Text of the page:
Images provided by author. Top: Guy cowering because he’s afraid of the ghost.
October: The air becomes colder, the clouds shroud the sky in a dark hue, and the best of all? Halloween is here! This is the day everyone dresses up as their favorite creatures and characters and kids enjoy going door to door receiving candy. It is a great time of the year. But everyone knows what else comes with Halloween: horror films. Many people, scared or not, love watching a horror film while bunched up in a blanket or in a theater with some friends. It’s just a good way of killing time and a way to have some spooky fun.
But, have you noticed that recently they’ve gotten maybe a little…bland? Many horror movies have begun to feel the same, with newer movies being more and more like each other. This is because some cliches are becoming rampant in the horror genre. From lost footage films to relying on cheap jump scares to cliche character types, the horror movie ring has sort of been dry.
Lost footage for example. When it first debuted with The Blair Witch Project (1999), it was seen as a cinematic original for the way it was filmed. A horror movie presented through found footage of presumed dead missing people felt terrifying because it felt like it was real and authentic. Many movies attempt the same video-taping style, but they have begun to all feel similar or familiar, partially due to unoriginality. For example, the genre is almost exclusively dominated by the paranormal. Gonjiam: Haunted Hospital (2018), As Above, So Below (2014), Lake Mungo (2008), Hell House LLC (2015) are all paranormal movies with a ghost or group of ghosts as their main villains.
In addition, it’s almost odd how exaggerated some chases or falls have become. People seem to fall in horror movies on nothing, or seem to be running in slow motion, or perhaps they have an opportunity to leave but the car won’t start. It’s gotten so out of hand with characters randomly falling, or people losing their glasses, or seeming like they are taking their sweet time running away from a killer or leaving a haunted house, it’s become a running joke on the internet. Look at Jason Vorhees from Friday the 13th or Michael Myers from Halloween: they basically just do a slow and steady trot toward someone in a chase scene.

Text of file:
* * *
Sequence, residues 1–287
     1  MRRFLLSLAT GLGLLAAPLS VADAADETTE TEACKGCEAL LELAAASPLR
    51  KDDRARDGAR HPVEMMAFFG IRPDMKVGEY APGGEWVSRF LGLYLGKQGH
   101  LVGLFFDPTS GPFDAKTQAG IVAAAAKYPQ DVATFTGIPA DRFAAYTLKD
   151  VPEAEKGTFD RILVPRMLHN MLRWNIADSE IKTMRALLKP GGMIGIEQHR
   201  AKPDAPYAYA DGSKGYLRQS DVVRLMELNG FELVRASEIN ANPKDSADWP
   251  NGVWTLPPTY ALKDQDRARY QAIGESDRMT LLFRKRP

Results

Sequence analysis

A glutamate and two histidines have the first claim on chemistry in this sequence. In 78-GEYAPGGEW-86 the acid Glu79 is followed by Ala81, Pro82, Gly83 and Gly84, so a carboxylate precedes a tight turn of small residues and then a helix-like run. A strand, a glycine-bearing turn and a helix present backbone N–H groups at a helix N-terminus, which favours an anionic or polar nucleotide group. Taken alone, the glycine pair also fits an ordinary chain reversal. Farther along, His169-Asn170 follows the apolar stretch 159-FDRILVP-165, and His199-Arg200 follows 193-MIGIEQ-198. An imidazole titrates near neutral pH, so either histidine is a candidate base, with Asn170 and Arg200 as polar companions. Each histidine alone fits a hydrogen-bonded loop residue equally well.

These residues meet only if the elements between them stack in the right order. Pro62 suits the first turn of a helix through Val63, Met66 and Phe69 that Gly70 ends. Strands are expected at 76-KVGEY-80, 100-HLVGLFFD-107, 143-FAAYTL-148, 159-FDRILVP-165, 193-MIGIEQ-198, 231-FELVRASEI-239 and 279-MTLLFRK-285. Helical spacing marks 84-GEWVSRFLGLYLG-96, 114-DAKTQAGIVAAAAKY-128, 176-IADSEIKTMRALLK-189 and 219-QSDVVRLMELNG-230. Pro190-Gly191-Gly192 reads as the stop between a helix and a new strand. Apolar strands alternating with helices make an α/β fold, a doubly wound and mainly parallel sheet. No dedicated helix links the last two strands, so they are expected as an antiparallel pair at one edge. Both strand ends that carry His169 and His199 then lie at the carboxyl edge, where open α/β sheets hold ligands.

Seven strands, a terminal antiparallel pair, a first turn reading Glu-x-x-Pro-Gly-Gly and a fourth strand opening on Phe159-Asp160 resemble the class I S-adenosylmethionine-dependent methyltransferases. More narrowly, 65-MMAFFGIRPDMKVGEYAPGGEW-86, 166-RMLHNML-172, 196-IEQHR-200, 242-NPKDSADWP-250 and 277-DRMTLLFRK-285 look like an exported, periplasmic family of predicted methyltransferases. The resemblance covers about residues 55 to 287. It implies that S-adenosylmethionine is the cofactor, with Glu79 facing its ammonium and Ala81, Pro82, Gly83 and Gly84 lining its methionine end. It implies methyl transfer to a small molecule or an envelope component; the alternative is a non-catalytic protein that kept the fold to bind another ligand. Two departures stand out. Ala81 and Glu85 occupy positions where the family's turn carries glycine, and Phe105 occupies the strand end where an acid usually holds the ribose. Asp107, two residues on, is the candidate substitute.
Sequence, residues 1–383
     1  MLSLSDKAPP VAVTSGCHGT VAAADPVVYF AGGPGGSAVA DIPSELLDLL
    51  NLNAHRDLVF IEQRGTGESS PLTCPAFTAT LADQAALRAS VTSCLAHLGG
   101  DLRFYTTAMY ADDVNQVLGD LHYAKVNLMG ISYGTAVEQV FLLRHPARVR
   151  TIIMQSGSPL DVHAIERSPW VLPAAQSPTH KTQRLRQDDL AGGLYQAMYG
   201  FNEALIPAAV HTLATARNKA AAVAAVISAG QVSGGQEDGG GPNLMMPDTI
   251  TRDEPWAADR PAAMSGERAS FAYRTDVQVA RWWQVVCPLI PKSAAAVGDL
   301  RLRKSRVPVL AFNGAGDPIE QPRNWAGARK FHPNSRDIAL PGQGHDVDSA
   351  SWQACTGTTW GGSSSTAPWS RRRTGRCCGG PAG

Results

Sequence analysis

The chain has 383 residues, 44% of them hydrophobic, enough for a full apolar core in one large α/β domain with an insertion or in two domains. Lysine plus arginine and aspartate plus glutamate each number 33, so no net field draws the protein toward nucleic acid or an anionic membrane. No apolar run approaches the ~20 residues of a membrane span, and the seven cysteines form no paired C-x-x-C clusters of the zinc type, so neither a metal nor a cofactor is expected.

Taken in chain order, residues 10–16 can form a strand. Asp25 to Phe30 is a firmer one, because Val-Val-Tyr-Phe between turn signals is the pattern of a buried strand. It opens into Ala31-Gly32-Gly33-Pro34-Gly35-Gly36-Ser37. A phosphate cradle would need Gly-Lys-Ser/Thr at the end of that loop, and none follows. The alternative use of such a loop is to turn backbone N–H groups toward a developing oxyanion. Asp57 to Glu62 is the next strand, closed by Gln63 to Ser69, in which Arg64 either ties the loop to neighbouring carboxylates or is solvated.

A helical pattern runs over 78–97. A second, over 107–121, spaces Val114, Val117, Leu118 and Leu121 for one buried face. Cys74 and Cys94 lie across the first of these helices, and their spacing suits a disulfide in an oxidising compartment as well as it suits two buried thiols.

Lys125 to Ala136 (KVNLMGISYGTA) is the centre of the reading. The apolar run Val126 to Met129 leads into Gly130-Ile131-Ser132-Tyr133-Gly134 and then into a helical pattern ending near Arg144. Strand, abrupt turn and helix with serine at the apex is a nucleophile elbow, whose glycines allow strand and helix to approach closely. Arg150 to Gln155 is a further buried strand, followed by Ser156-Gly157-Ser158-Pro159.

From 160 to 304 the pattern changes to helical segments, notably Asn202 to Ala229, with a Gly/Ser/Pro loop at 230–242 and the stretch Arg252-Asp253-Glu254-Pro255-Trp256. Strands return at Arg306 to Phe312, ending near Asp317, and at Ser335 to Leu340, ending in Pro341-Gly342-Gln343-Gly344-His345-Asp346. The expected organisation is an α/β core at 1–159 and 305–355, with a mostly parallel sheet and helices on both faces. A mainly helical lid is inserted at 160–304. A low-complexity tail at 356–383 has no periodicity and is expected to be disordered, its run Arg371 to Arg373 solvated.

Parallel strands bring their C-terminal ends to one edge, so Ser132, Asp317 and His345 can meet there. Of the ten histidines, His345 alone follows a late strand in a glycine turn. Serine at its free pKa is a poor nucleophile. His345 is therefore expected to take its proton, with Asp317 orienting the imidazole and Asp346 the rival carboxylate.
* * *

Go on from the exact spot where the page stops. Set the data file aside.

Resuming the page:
Also, some movies rely purely on jumpscares. It’s excessive. It’s fine if you use them sometimes, since every horror movie should make you jump: It’s what makes a scary movie scary, they are a quintessential part of a horror movie. But, in so many movies they just use the same scenarios to the point that you can now predict jump scares based on situations that are used so often. In the basement or dark spaces like in The Conjuring (2013), opening the closet like in Ring (2002) or turning around or looking up after it opens, or peeking out from under the covers or peering back under them like Ju-on: The Grudge (2002): there are many scenarios where it’s almost painfully obvious that there will be a jumpscare. If jumpscares are the backbone of a movie, there are only cheap scares, and eventually that gets predictable and old. Look at the Insidious sequels, where they just kept adding more jumpscares as the movies went on. In contrast, the first had the right amount to keep someone on their toes.
These are just a taste of horror movie cliches. Am I saying these movies aren’t enjoyable? Of course not. Especially if you’re with someone or a group of friends, watching any horror movie is fun if it is at least scaring you. But eventually if they don’t evolve, they will become less enjoyable.
Dylan Mabunga is a sophomore at Washington High School. He was born in San Jose, California, and moved to Fremont when he was two. This is his first year with the Hatchet. Topics he is interested in include world events, sports, and movies and video games. Dylan enjoys playing basketball, video games, and hanging out with friends. Dylan is unsure of what he wants to do in the future, but currently is planning on going to college and is unsure what to major in.